The DMDG is now a relic of the Cold War. Today, handheld cellular devices provide more capability than we could carry just two decades ago. Communicators use a variety of multi-band devices which offer onboard encryption as well as data transfer rates high enough to provide live video feeds using waveforms which boast low probability of detection and intercept.

What Do You Bet He’s A Lieutenant?

Saturday, January 5th, 2019

OSS Detachment 202 radio crew with hand-crank generator and hash pipe. China, 1944.

SOFWERX TechWatch

Friday, January 4th, 2019

TechWatch is a weekly UNLASSIFIED collaborative newsletter produced by SOF AT&L, J5 Donovan Group and SOFWERX. It is compiled using only open source information on technology topics which may be of interest to the SOF enterprise and to prevent technical surprise.

TechWatch is posted to their website and can be downloaded at www.sofwerx.org/techwatch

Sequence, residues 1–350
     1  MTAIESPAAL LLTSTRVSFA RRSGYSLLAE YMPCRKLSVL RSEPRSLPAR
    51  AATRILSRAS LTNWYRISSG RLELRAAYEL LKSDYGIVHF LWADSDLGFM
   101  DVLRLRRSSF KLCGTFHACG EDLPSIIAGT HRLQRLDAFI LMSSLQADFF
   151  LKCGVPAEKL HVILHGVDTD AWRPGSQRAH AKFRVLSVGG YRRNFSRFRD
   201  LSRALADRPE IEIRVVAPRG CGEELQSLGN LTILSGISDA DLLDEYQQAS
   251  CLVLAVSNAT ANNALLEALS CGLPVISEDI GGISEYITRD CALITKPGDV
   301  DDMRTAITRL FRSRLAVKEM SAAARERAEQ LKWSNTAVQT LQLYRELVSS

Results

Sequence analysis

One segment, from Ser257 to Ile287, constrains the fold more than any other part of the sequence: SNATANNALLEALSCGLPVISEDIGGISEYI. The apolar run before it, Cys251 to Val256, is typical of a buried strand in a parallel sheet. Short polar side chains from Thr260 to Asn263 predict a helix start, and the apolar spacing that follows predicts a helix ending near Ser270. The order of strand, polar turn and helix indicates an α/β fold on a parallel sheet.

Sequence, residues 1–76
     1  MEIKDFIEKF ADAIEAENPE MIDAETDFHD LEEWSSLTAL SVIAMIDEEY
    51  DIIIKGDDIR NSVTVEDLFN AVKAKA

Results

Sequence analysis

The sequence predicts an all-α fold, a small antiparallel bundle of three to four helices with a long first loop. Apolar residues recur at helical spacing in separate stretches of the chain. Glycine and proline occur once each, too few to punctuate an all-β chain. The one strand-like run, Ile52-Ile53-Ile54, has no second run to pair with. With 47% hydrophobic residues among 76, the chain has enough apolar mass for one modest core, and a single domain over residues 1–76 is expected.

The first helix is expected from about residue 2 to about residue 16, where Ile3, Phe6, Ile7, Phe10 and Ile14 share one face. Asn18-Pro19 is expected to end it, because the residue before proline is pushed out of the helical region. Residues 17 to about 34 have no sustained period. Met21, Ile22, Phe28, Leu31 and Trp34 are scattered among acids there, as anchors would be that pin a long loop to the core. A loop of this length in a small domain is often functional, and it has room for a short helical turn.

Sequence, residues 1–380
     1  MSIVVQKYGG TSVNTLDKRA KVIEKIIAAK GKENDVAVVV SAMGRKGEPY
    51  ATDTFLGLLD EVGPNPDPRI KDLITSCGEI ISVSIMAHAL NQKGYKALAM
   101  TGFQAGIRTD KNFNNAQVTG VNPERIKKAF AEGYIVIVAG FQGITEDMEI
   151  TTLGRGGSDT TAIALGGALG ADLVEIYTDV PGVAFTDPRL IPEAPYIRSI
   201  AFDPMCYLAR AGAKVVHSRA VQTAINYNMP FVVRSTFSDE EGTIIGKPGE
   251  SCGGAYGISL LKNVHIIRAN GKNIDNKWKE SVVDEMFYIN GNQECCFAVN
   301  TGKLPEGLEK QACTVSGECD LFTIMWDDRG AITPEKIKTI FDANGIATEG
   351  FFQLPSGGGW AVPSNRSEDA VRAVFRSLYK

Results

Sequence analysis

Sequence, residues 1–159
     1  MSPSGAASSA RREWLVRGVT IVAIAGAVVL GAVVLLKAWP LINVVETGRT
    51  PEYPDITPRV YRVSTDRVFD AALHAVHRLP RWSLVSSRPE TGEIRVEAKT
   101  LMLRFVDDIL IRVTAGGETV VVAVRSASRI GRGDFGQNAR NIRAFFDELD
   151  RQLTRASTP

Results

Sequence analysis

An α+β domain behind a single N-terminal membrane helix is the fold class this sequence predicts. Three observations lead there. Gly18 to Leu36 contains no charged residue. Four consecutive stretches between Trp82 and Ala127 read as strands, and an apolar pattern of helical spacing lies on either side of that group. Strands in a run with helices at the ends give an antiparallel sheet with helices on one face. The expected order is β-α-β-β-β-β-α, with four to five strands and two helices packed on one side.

Closing Out 2018

Monday, December 31st, 2018

We bring 2018 to a close with an image taken earlier this month of members of 1st Bn, 10th Special Forces Group (Airborne), training in their wartime tasks.

US & Polish Combat Controllers Conduct Combined Training

Sunday, December 30th, 2018

Combat Controllers from the U.S. and Polish forces conduct a military free fall during a culmination exercise near Krakow on Dec. 5, 2018. The exercise follows a two-month training in which the U.S. Air Force Special Operations Command’s 321st Special Tactics Squadron assigned to the 352nd Special Operations Wing in England, and the Polish Special Operations Combat Control Team, share their best practices in order to build upon the Polish Special Operations Command’s ability to conduct special operations air land integration.

(Photo by Staff Sgt. Elizabeth Pena, USASOC PAO)

Blast From The Past: BDS – The Grey Uniform That Almost Was

Sunday, December 30th, 2018